“Well, something is better than nothing,” said the well-dressed man at the charity launch function.
“No it isn’t. You’re making the assumption that the recipients of corporate charity can’t do any better for themselves,” said I.
“But they can’t. They’re poor.”
There is a condition known as learned helplessness in which a person, through experiences beyond their control, is sensitised to the belief that they can do nothing to change their own circumstances. Women who remain in abusive relationships, children who are bullied at school, students who don’t study because they believe they’re going to fail anyway â€“ it is a form of mental shackle that restrains any ability to see a way out of the problems the sufferer is experiencing.
Sadly, it cuts both ways.
Abused women have friends who tell them that they are just awful with men, bullied children have parents who think of them as weak, and the teacher of lazy students doubts they have the ability to be taught.
Giving charity is just another way of saying, “I don’t believe you can do it either.” And so the poor give up on themselves and develop a culture of entitlement. “How do you expect me to help myself, I’m poor.” It’s an excuse everyone can use.
In India and China, two billion people don’t think of themselves as poor. They are certainly not wealthy, but they’re pursuing opportunities and growth at a rate almost unprecedented in human history.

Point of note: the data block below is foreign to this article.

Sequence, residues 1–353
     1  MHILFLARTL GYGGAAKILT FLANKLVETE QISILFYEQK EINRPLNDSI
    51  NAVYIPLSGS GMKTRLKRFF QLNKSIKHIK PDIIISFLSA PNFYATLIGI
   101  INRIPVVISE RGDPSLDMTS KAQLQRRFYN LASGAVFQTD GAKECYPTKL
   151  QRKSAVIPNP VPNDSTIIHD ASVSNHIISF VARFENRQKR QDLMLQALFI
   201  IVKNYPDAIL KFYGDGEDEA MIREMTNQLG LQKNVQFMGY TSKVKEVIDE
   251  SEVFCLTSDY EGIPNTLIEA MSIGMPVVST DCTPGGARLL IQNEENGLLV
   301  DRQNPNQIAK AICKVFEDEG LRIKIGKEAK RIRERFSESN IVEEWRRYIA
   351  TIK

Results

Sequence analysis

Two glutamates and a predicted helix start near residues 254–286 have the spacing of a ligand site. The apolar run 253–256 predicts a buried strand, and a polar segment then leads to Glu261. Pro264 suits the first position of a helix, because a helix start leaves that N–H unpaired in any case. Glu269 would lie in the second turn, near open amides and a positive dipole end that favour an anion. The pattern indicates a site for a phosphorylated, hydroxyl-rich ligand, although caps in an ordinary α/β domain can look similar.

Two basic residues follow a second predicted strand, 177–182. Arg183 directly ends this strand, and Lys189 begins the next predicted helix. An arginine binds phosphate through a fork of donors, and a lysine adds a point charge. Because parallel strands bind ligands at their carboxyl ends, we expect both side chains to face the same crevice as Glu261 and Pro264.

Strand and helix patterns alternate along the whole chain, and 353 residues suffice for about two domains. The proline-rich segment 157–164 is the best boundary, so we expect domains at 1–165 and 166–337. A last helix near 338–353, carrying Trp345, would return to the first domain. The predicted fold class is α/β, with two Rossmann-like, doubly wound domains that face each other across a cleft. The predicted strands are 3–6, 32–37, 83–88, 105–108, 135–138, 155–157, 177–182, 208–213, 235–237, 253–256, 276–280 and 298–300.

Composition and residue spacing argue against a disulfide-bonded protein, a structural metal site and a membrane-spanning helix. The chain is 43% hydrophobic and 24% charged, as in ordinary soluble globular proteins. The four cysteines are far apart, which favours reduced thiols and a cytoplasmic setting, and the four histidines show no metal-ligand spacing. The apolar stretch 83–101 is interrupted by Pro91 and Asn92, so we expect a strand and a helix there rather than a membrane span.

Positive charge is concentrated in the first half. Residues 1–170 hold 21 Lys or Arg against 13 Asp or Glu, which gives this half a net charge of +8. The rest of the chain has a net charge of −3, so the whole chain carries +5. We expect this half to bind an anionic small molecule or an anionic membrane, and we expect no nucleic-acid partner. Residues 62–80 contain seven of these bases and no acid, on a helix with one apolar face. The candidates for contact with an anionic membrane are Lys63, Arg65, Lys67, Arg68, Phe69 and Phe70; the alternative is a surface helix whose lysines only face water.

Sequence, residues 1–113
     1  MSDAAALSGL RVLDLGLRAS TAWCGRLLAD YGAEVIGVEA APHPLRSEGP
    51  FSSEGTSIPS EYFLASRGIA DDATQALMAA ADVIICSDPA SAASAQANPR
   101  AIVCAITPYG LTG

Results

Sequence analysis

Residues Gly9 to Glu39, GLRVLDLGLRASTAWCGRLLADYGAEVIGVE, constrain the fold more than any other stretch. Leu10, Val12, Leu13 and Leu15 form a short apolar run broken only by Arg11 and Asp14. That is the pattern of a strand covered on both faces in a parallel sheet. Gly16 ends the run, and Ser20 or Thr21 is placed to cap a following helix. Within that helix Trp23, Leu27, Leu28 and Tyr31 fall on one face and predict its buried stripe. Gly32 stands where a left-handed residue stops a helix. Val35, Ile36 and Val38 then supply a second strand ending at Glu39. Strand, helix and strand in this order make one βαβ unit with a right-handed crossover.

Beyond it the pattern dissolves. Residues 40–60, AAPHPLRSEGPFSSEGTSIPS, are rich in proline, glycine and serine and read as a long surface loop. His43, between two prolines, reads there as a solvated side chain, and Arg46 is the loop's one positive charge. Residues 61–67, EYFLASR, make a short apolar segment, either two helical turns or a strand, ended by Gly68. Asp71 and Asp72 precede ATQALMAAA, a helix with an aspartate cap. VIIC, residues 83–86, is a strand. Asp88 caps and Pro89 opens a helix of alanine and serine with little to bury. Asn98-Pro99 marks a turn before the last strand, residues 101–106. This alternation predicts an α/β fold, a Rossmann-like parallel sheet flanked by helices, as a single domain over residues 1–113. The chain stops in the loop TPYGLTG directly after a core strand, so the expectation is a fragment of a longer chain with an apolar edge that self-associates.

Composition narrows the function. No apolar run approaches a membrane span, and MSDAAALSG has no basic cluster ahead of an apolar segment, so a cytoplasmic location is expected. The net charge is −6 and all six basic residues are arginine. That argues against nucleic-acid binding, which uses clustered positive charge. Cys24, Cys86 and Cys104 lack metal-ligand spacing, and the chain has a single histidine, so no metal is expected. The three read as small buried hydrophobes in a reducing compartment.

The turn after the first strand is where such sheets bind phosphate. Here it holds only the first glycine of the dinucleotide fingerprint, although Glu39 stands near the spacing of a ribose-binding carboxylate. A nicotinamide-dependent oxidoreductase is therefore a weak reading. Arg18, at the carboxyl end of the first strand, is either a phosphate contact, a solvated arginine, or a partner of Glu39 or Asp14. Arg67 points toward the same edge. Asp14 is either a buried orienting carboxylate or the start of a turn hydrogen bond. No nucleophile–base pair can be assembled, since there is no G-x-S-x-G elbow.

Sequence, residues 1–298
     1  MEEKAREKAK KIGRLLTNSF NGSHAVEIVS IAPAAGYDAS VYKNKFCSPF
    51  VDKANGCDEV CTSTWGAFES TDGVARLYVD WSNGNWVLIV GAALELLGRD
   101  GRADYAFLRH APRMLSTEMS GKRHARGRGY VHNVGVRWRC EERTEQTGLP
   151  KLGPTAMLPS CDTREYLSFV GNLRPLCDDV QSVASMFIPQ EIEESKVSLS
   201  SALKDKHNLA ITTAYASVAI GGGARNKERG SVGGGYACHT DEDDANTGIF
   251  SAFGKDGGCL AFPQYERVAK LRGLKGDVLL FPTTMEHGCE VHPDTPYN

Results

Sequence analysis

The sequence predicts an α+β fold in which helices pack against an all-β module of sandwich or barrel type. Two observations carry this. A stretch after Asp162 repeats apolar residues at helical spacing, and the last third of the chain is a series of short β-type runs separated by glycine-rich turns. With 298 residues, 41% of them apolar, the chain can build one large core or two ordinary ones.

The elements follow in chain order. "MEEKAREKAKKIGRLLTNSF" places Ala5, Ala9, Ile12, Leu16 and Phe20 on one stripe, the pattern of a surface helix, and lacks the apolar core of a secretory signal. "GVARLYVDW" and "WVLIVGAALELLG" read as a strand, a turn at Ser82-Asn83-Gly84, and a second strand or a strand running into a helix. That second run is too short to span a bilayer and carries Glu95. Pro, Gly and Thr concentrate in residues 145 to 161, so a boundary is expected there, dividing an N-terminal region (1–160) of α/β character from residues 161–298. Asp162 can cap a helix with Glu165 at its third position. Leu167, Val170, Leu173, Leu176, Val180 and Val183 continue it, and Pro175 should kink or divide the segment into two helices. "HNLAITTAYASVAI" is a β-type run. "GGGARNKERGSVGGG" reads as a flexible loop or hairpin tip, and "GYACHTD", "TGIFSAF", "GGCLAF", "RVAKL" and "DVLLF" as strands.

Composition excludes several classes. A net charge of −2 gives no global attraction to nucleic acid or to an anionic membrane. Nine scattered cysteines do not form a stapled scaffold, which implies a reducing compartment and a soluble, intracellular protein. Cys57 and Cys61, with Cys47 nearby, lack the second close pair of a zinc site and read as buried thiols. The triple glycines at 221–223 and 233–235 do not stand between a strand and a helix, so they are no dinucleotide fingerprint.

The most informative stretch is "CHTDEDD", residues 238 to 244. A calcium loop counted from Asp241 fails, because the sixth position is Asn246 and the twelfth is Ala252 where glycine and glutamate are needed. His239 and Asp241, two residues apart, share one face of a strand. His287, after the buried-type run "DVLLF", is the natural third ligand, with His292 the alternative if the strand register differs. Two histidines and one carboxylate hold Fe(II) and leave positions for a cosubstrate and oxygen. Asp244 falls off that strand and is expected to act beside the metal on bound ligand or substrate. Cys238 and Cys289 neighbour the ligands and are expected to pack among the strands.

South Africa has one of the largest rich/poor divides anywhere in the world. Two-thirds of the people in this country have only 20% of the wealth that the other third has. Companies in South Africa concentrate on that wealthy component under the impression that the poor are a market not worth pursuing.
And so the poor are left paying more for services received by the rich. Transport costs are higher, food variety is poorer and significantly more expensive. Even so the poor spend R 100 billion a year on goods â€“ surely a market worth pursuing.
And, no, it isn’t exploitation to aim products at the poor. Exploitation is when you allow intermediaries to purchase bulk quantities of your product, dilute it and repackage it in smaller quantities and then sell it on under your name at twice the price of what consumers should be paying. This regularly happens with everything from sugar, to soap. Companies that allow this surely don’t care about their reputations with the poor or about the integrity of their products.
And the end result will be that they will lose their future revenues.
The same products that are being developed in India and China for their informal markets are just as well-received in South Africa. Chinese biscuits are growing their market-share by 15% a year.
The first step for South African companies is to unlearn the idea that the poor are helpless recipients of handouts and recognise that they’re the largest and most exciting new market in the world.
Cross-posted from Whythawk.com